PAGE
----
An SEO audit is all about making sure your website has good online visibility and is optimised for search engines as well as fully functional for users (learn how to conduct a technical SEO site audit here). On the other hand, a PPC audit will assess the health of your ad accounts so that you get the most out of your paid media campaigns.
A PPC audit will usually involve the following:
- Keyword analysis to ensure that the right keywords are being targeted
- Ad copy audits to assess the effectiveness and relevance of your ad copy
- Conversion tracking analysis to make sure you’re tracking what matters most and your data is accurate and reliable
- PPC account structure reviews to ensure your accounts are organised and can assess your ad performance easily
- Performance reviews to identify any opportunities for further growth
- Budget reviews and bidding optimisation to ensure that you’re budget is being spent wisely on effective campaigns
- Competitiveness and quality assessment to assess how competitive your ad account is and what is realistic for you to aim for in the market you’re in
- Recommendations to highlight what strategy will boost your PPC campaign efforts including any trends or opportunities you could take advantage of in your ad platforms to stay ahead of the game
How much does a website audit cost?
How much a website audit will cost can vary depending on the scale of your website and the level of experience the agency undertaking the work has. A technical audit may be performed as part of an agreed project, in which case, your agency or SEO team will develop the best strategy so that issues which are most likely to impact your website’s performance can be tackled first.
Something you can do is contact a number of agencies who can give you a quote for your website audit but just remember that the cheapest option may not be the right choice. You want to ensure that your website audit is thorough and the audit report is clear to understand. Think about the bigger picture and which agency will be best for implementing changes to your website or offering their expert advice on top of identifying issues.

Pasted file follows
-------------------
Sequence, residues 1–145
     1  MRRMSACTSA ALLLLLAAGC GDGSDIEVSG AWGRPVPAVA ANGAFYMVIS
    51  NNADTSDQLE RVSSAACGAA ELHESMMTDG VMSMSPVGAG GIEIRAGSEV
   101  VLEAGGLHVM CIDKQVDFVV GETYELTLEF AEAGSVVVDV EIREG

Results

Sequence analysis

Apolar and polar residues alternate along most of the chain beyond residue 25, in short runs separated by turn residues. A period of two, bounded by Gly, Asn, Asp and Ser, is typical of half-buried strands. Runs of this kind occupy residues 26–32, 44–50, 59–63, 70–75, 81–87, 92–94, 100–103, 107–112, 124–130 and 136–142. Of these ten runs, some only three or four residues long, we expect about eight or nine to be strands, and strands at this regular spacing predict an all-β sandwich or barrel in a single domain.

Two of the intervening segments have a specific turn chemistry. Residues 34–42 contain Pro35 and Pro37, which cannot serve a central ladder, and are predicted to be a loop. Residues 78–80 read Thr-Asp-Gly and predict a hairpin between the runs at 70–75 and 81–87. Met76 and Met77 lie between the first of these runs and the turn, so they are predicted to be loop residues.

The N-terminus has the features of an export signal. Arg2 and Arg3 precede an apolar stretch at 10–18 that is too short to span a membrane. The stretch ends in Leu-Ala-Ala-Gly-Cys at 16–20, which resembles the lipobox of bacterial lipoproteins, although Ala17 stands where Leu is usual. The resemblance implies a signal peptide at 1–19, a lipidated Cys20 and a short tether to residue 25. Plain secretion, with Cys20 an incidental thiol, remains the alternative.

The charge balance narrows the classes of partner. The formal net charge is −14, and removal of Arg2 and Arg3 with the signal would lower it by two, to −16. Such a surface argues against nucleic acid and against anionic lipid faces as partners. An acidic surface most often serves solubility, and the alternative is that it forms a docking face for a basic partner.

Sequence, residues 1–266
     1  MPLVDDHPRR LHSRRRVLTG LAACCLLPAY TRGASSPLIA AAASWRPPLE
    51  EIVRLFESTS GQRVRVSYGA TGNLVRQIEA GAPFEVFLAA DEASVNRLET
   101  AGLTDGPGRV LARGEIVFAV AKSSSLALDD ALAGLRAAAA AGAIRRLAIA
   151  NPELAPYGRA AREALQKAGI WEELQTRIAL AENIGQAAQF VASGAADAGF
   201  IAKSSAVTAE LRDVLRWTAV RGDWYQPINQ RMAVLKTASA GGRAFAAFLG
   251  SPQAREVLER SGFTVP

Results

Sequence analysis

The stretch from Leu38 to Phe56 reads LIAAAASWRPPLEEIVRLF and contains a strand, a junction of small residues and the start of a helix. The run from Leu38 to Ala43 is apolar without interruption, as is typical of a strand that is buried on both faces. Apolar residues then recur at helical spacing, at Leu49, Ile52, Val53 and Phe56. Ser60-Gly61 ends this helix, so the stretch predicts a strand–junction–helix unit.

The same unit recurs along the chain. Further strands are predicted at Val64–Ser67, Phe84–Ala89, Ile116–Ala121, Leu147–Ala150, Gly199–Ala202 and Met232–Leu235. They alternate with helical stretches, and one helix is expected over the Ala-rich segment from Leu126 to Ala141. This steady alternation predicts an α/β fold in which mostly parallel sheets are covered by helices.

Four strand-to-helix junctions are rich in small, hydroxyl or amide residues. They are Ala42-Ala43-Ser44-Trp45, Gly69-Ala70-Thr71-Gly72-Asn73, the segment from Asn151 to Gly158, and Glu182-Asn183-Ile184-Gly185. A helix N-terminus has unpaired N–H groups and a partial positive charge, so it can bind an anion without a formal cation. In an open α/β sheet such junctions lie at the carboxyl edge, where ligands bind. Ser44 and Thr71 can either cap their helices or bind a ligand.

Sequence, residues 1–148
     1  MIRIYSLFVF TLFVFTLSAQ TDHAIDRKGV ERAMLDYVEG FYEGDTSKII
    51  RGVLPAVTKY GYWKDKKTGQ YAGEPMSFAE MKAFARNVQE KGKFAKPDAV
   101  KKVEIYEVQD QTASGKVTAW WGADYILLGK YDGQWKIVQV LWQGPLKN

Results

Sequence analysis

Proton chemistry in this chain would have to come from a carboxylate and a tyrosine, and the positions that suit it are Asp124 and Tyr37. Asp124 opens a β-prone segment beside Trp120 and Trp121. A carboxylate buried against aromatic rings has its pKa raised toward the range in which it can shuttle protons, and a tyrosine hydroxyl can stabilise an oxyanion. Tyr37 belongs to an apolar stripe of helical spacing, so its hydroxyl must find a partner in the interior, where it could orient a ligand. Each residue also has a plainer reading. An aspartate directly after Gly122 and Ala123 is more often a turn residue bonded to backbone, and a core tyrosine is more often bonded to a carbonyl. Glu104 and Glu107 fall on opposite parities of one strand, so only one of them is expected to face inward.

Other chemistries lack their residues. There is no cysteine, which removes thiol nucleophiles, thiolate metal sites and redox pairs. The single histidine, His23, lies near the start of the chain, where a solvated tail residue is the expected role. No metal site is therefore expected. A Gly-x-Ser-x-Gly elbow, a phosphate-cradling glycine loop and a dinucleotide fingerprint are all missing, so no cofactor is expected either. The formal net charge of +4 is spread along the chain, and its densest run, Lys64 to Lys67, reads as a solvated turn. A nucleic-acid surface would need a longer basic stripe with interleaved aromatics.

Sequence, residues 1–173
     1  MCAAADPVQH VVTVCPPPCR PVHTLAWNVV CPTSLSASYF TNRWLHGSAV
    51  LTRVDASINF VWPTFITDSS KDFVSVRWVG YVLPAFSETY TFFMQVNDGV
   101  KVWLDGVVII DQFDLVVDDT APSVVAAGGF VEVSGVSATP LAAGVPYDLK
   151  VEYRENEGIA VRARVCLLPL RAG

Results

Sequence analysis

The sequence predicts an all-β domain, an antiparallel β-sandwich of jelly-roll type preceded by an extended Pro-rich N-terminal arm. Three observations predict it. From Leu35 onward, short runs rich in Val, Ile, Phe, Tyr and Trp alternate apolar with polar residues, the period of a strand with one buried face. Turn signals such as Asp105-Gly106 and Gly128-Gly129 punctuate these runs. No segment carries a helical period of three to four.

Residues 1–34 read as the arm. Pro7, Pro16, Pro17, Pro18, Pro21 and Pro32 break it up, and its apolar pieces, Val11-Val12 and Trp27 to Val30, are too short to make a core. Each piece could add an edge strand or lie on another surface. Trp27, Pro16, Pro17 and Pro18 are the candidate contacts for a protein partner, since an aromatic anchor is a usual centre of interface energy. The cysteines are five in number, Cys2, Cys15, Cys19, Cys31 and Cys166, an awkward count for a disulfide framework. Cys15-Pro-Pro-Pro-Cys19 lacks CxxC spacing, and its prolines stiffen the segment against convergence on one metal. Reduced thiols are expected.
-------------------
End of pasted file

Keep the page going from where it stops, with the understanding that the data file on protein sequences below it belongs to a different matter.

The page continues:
How often do you need to perform a website audit?
Many businesses will complete a technical SEO audit (for example) between two and four times a year but it will depend on the size of your business. Performing one technical audit won’t solve everything - yes, you might resolve some issues and see short term benefits for your website, but you must remember that these issues can rise again so you need to keep checking the health of your site to keep on top of things.
Performing a website audit can be compared to visiting a dentist - if you don’t go for a check-up, you might have an unknown cavity growing larger and larger as the months pass, until eventually you’ve left it too late and you’re paying a hefty bill to get it fixed; moral of the story? Don’t wait too long to go to the dentist and don’t wait too long to get your website audited.
Need a website audit?
Website audits give you a deep insight into your website and how to improve it, but they can take time and require an expert eye. If you’re looking to improve your website to maximise leads and sales, look no further than Adido! Our website audit services including SEO audits and PPC audits will shine a light on any technical issues and opportunities to boost conversions. Contact us today to see how we can help.